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Last call of the day

An on-duty GP finishes his rounds on a neglected housing estate, in the latest tale from Through the K Hole.

It was an ordinary looking terraced house. The doctor was on-duty and he pulled up outside, relieved that it was his last call of the day.

He was there because of a hurriedly scrawled letter which had been tightly folded up and placed into his in-tray. It had been written by one of the health visitors who had raised concerns about a family that was new to the practice. She hadn't elaborated and of course it being a Friday afternoon she was now frustratingly un-contactable.

The house itself was pebble dashed with a slate grey porridge and peeling wooden window frames. It was in an undesirable part of town and the whole housing estate had become a rusting vessel, its sail slack in the economic doldrums. Several problem families had been moved there in a vain attempt to socially engineer solutions. They now lived crowded together behind metal buzzers and yellowing nets, in cramped unemployed mould.

As he stepped out of his car he crunched across an aggressive frosting of broken glass and made his way to the front door. The small garden, once neatly tended, was now an over-grown beard of tousled greenery. Weaved into the grass was an up-ended shopping trolley, its meshed belly pointing skyward.

He pressed the buzzer which set off a pitchy raven's cry somewhere inside the building. There was no response. According to the notes they didn't have a land line and he was cheerily told by an automated voice message that the person's mobile phone was switched off.

He knocked on the windows and stooped down to open up the letter box , a lozenge of fetid air wafted out. He could just make out the chaotic outline of blankets and heaped boxes in the hallway and at the entrance to what he presumed to be the kitchen was the muscled, feral body of a dealer's dog. Urban protection, all head, triangular eyes and powerful jaws. He called inside but quickly dropped the letter box as the dog flashed its underbelly and strained against the growling guy rope of its leash.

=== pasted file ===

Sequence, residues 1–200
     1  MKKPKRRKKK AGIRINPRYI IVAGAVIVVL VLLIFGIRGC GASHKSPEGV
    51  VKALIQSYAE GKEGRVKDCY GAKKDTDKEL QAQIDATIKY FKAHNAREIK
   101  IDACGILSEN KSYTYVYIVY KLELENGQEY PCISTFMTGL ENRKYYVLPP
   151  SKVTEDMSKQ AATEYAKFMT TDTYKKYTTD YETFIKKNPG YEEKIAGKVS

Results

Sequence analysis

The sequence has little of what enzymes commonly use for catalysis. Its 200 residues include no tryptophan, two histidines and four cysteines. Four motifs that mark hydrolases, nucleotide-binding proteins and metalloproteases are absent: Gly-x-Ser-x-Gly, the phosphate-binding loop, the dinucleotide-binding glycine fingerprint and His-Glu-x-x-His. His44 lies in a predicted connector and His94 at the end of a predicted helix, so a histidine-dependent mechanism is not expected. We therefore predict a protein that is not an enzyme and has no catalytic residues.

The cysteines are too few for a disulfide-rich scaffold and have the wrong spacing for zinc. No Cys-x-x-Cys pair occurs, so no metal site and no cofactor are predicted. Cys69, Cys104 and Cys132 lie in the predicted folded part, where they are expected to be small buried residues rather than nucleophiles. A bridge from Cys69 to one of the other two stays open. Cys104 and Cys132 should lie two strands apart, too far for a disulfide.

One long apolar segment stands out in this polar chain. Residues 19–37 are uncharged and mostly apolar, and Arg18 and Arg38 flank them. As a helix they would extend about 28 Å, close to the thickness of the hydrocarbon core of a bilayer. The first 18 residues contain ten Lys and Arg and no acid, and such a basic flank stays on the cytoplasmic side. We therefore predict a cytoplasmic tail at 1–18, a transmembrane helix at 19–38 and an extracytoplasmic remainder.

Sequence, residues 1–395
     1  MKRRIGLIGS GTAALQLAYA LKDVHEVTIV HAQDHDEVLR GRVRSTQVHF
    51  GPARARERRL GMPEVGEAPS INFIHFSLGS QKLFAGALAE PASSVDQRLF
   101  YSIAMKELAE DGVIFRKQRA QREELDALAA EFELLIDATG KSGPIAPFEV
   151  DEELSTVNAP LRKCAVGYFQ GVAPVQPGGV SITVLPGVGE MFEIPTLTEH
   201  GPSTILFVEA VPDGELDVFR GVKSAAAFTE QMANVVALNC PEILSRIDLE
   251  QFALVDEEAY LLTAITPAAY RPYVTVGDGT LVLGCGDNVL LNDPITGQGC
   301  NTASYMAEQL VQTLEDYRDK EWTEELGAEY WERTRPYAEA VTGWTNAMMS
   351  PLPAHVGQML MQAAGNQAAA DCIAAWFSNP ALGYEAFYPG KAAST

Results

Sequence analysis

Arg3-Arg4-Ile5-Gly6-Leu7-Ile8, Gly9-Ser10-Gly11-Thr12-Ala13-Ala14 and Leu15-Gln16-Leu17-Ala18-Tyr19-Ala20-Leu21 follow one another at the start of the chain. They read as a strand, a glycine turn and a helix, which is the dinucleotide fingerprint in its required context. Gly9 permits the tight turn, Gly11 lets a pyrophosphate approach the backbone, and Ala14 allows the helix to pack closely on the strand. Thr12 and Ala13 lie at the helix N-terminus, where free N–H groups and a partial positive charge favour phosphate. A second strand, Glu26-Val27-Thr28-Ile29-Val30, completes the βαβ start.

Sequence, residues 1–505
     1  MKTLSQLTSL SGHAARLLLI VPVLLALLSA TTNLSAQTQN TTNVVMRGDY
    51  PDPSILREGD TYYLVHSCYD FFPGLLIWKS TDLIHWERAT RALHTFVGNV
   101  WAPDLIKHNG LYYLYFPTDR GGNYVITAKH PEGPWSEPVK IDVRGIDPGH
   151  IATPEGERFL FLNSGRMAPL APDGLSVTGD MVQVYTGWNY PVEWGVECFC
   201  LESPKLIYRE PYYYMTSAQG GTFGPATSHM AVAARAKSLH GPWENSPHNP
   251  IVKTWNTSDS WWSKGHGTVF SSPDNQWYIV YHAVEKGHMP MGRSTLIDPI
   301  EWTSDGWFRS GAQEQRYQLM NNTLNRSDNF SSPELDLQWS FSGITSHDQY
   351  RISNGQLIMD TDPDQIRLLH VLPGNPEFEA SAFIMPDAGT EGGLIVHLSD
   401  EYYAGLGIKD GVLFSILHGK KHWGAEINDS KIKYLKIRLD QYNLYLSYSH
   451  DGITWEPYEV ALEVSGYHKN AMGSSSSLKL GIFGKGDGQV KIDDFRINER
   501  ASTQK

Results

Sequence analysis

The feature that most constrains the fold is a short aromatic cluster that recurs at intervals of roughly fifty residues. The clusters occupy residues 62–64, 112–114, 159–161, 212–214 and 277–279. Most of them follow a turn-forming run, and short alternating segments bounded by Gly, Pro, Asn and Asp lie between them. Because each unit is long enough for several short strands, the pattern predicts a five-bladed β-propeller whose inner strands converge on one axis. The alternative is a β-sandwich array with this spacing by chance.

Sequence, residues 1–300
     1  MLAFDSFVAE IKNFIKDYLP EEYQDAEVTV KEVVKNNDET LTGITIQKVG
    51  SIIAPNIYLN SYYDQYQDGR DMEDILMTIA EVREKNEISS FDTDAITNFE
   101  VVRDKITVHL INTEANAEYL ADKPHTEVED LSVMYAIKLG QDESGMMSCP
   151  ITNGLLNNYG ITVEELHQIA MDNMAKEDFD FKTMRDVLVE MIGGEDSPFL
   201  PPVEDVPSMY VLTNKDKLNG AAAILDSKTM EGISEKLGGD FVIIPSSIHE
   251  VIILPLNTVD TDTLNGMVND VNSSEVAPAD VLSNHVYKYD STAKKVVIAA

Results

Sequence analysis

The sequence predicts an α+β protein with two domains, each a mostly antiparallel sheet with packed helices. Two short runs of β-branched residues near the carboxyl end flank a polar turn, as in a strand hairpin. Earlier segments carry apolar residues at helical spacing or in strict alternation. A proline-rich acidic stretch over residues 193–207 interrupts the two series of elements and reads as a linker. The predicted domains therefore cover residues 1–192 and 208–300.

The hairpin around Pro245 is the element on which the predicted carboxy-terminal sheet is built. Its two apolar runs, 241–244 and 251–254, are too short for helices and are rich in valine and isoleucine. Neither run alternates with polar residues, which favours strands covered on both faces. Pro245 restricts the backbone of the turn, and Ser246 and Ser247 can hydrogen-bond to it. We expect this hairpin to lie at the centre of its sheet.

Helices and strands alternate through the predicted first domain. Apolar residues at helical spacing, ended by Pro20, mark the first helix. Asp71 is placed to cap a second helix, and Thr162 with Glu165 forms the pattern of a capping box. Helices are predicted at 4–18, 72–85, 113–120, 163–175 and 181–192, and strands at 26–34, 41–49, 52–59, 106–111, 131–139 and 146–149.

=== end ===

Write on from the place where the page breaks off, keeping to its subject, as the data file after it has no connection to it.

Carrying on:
He had no idea what the situation was and out of frustration he decided to leave the surgery's number, hoping that they would be able to make contact next week. He drove away to join the indifferent rhythms of the commuter traffic which wheeled around the town centre like a hub of bright stars. His copy of Hidden Harms and an invitation to attend a Child Protection Workshop slid off the passenger seat and disappeared into the foot well.

As he sped off there was movement from upstairs. A shadow streaked into the room, an outline of parental promise and intimacy. But instead of affection it forced open the wardrobe door and roughly pulled out the child by its arm. It was late evening and the cooling shadows were tinged with purple.

Sadly, as the GP made his way home, sky and skin were already beginning to bruise.

Written in response to: GP consortia to be handed key child protection role Dr Kevin Hinkley is a GP in Aberdeen.

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